Friday, August 5, 2011

From Modesty To Bare Nothings: Ditching The Undies Revolution Part 2 (b)

By Miriam B. Medina

(Continue from page: 2a)

Corsets- Also, called bodices or stays, were worn by the women of Europe as early as the 16th century. These stressed a woman's sexuality. They had fitted bust enhancers. Corsets were strengthened with steel or whalebone, which was fastened at the front with long ties in the back to adjust tightness. In order to achieve the "hourglass" form, which most flattered the female figure, Victorians wore these restrictive corsets. As a result of these tight-fitting corsets, which supported the breasts pushing them upward, hips seemed much larger from the shifting of flesh from the waist. The lacing from behind would draw the shoulders back, forming a high round bosom and upright posture. Activists of the dress reform movement campaigned against tight lacing which they felt caused severe pain and damage to internal organs and bones.

Bloomers- The creator of this part of women's clothing was Elizabeth Smith Miller of Peterboro, NY and Fabrizia Flynn. However, sometime in the 1850's, it was popularized by Amelia Jenks Bloomer. These pants were long and baggy, narrowing to a cuff at the ankles. They would wear bloomers with a short dress or a skirt and vest, which gave a greater freedom of movement while keeping the legs modestly covered. Since most of the women who wore them were activists steadfastly involved in abolition, dress reform, temperance and the women's rights movement, they were widely ridiculed by the press, therefore barely making an impact on the world of fashion. Bloomers were also known as "knickers or knickerbockers."

Pantaloons and Pantalettes- These were longer undergarments worn by women, young ladies and children, which fell under the hem line of dresses that were long enough to cover the entire leg. The drawers were loose and made of two leg sections that were held together with a tie at the waist. As an embellishment, lace and ruffles were added to the bottom of the pants. In the 19th century, women's underwear were usually open between the legs, but in the 20th century, they were replaced by closed knickers.

Union Suit- This was an undergarment made in 1868 for men, women and children, which was a one piece front-buttoning garment with sleeves down to the wrist and leggings down to the ankles. It also had a "fireman's flap" in the back to facilitate going to the bathroom. It resembled a pair of "long johns."

Bathing Suits- During the 1890's, when Victorian women would go to ocean resorts, they would change from layers of petticoats into swimwear in a small house on wheels, which was called a bathing machine. It had a door in front and one in the back, and since it was high above the ground, a step-ladder as well. Inside it had a bench with two towels and a place to keep petticoats. The bathing machine was located on the shallow part of the water's edge, then was pulled out to deeper water by two horses and a driver. This allowed the modest Victorian woman to have complete privacy while she was enjoying her time at the beach. To be on the safe side, she would be attached to a rope around her waist. After she was done splashing and swimming, the little house would be returned to the beach with its sopping wet flannel dressed occupant, where she would change back into her petticoats. Special areas were designated for the men to keep them from gazing at the women in their wet top of the line swimwear, which consisted of black, knee-length, puffed-sleeve wool dresses, decorated with a sailor's collar which was worn over bloomers, trimmed with ribbons and bows. Let's not forget the long black stockings, lace-up bathing slippers and decorative caps they also had to wear.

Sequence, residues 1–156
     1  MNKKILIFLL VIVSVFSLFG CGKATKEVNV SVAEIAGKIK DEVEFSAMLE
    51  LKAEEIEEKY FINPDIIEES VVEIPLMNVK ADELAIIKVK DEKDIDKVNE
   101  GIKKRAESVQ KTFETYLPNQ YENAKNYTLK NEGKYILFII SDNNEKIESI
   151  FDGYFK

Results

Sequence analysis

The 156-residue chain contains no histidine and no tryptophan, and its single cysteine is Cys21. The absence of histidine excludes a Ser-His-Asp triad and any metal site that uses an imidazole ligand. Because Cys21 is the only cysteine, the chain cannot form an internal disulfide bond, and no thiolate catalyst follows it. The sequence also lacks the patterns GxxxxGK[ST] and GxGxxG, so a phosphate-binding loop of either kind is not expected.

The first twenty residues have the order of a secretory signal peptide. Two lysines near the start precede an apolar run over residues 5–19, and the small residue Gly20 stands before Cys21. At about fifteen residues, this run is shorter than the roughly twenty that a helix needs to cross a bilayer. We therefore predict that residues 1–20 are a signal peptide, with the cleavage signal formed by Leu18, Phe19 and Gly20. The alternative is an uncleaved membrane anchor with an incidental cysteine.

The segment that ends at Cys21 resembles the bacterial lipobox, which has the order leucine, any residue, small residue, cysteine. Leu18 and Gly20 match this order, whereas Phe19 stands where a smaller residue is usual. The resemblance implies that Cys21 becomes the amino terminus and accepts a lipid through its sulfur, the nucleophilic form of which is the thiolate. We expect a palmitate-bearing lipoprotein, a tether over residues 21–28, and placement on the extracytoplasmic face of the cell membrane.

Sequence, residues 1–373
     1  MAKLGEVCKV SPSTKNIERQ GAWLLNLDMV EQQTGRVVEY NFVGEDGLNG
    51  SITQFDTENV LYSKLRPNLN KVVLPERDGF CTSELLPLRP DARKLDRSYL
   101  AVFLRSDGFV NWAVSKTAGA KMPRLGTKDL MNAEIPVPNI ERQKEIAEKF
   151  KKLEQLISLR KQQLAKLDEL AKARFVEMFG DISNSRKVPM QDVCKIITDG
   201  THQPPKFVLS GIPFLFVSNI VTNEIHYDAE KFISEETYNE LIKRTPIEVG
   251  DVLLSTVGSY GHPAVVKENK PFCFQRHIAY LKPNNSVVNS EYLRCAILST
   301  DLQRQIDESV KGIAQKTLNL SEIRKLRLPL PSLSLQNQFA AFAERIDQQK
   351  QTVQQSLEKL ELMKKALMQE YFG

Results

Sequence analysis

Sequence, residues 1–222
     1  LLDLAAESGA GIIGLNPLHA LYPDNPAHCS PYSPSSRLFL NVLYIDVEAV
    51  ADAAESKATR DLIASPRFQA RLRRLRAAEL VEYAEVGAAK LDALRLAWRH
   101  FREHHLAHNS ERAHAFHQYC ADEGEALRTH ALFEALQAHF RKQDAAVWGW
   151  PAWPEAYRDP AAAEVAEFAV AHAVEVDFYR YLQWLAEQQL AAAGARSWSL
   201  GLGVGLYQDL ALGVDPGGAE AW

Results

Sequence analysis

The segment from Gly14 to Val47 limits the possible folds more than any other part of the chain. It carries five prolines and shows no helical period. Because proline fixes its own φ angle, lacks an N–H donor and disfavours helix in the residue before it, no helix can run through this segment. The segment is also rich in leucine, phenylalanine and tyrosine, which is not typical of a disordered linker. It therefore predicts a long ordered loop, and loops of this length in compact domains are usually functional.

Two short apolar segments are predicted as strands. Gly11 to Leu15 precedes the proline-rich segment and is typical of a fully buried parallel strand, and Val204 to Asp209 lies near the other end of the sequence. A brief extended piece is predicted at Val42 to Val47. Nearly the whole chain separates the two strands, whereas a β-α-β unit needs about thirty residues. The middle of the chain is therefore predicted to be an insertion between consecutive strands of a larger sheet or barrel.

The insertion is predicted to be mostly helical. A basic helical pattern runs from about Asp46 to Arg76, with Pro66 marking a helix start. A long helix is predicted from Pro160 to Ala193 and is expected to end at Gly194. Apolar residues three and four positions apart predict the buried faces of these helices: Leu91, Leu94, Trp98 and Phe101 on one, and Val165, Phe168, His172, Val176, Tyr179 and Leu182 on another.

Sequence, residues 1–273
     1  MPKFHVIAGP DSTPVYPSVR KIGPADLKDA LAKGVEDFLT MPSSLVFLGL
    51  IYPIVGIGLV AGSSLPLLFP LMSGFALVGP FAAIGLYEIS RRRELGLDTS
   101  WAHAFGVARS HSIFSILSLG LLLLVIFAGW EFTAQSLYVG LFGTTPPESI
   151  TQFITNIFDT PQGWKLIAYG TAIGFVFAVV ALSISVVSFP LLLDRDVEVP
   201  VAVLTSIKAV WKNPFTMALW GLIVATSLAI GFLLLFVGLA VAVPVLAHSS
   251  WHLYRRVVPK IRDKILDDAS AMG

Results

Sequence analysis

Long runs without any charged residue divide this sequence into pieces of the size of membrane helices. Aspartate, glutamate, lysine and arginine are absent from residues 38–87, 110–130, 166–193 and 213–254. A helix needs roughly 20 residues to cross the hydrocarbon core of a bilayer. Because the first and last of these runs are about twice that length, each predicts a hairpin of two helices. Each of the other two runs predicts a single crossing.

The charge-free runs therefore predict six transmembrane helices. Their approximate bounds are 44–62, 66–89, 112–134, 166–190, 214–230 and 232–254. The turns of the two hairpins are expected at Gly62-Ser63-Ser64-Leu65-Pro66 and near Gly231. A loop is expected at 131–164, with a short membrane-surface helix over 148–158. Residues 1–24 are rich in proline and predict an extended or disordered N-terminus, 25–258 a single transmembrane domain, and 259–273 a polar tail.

In part 3 of this series we examine the point where women's underwear (and the more private, sexy parts they were designed to protect) began to see the light of day. I hope your heart can take it!

History is Miriam B. Medina's passion. History can be exciting, sexy, informative and humorous, and Miriam wants you to experience the wonders of history, not just READ about it. She loves nothing more than sharing that passion and her 13 years of research with everyone. So sit back, enjoy the ride and LEARN. For fashion pictures, articles and you-tube viewings of fashion shows from the 19th century through the 21st century, please visit: FASHION CENTER

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To be continued: Part 3 (a)

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